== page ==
In Case You Missed It!

The lead editorial in today’s Wall Street Journal highlights the national significance of Oregon’s Measure 37 unanimous decision in the State Supreme Court. Again … Congrats Oregonians In Action … take another bow!

The Anti-Kelo Case
Oregon offers the nation a model for reform.

The Wall Street Journal
February 23, 2006; Page A16

On a list of states with the worst property-rights protections, Oregon has long held a top position. So hearty congratulations to that state’s landowners, who this week won a long struggle for more control over their acreage, and in the process may become a model for land-use reform across the country.

Their victory came in a unanimous Oregon Supreme Court decision upholding a 2004 ballot measure designed to curb “regulatory takings.” Oregon lawmakers have spent 30 years perfecting the art of imposing their environmental agenda by restricting how landowners can use or develop their own property, whether it be building a new house or cutting down trees.

Oregon’s ballot measure, which passed with a mere 61% of the vote, required authorities to either compensate landowners for any reduction in the value of their property, or exempt them from the regulations. This was the second time voters had passed the measure, the first version having been tossed out on a technicality by the state’s notoriously liberal Supreme Court.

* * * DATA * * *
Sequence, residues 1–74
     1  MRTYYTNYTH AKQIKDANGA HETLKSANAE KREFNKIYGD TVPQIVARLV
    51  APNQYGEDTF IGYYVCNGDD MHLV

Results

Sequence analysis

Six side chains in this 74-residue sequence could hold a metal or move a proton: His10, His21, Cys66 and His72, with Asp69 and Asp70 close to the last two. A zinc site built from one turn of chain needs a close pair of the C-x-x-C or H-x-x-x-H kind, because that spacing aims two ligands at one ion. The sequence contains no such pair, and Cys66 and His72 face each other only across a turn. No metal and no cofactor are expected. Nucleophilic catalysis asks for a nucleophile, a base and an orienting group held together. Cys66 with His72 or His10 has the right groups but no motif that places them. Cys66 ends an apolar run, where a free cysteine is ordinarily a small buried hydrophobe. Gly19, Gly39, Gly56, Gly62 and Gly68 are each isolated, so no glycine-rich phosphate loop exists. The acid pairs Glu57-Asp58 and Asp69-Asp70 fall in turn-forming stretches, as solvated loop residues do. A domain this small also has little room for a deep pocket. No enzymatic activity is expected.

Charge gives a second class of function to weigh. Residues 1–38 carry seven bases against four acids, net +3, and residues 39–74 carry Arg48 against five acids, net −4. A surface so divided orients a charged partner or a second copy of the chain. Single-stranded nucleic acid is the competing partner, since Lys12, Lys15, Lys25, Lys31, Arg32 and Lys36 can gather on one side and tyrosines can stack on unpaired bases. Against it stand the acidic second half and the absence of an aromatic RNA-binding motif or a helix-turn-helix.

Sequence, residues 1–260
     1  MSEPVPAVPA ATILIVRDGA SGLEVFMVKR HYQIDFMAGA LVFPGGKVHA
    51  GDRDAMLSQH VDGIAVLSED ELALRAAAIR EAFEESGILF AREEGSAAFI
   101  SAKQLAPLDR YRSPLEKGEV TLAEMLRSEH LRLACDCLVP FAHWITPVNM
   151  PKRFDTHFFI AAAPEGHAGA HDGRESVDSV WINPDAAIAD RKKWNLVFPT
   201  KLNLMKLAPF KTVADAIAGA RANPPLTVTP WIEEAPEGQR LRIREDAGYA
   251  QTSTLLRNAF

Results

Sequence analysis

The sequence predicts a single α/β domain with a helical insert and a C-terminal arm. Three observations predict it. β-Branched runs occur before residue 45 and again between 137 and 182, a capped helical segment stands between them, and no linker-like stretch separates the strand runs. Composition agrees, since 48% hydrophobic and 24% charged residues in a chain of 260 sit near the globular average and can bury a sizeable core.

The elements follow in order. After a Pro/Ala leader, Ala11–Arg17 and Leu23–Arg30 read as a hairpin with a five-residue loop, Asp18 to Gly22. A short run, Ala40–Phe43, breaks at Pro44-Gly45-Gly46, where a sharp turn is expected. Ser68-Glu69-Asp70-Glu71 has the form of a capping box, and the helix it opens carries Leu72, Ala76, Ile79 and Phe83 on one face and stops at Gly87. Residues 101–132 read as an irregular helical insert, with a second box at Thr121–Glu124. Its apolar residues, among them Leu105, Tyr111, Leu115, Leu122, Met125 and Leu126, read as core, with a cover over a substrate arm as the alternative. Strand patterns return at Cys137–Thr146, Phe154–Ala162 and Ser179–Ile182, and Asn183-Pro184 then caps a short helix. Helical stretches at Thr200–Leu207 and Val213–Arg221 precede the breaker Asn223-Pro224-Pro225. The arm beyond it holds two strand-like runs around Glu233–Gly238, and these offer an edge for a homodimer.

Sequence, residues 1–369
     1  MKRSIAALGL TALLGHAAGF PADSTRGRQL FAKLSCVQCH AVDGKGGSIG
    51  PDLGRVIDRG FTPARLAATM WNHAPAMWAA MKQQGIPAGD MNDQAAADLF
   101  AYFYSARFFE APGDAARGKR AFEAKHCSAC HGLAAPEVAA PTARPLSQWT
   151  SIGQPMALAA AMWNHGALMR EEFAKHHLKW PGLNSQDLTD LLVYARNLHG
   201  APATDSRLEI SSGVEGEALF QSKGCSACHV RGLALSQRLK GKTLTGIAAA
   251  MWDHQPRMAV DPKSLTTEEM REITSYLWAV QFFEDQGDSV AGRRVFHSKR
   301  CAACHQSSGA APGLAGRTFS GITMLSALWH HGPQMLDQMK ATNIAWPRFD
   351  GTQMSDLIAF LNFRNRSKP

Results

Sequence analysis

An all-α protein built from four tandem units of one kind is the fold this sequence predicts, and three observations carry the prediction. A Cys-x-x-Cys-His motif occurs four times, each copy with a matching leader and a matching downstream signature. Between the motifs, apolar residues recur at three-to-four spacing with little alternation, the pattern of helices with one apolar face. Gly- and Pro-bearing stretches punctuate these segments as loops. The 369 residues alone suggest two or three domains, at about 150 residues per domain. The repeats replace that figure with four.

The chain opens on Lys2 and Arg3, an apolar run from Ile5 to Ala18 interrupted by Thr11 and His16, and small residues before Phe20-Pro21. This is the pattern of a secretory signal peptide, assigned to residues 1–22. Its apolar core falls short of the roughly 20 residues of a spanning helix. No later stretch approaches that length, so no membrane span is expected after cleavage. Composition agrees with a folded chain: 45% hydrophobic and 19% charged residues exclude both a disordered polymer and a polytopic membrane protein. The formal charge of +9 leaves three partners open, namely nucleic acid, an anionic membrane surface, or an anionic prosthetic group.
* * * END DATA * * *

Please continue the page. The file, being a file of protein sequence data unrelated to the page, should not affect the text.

This time, however, the state’s highest court surprised everyone by declaring that its only job was to examine whether the measure contravened the state constitution (it clearly did not), and that whether the measure is “wise or foolish, farsighted or blind, is beyond this court’s purview.” What brought about this healthy new respect for democracy isn’t clear, although it could be the court is weary of intervening on behalf of every advocacy group that loses an initiative vote.

In any case, the decision is especially timely as a response to the U.S. Supreme Court’s egregious Kelo decision of last year. Other states are crafting versions of Oregon’s law, and a few, such as Wisconsin, had put legislative efforts on hold pending the outcome of Oregon’s litigation. This week’s victory may well inspire more Americans to continue defending that most basic of Constitutional rights: owning property.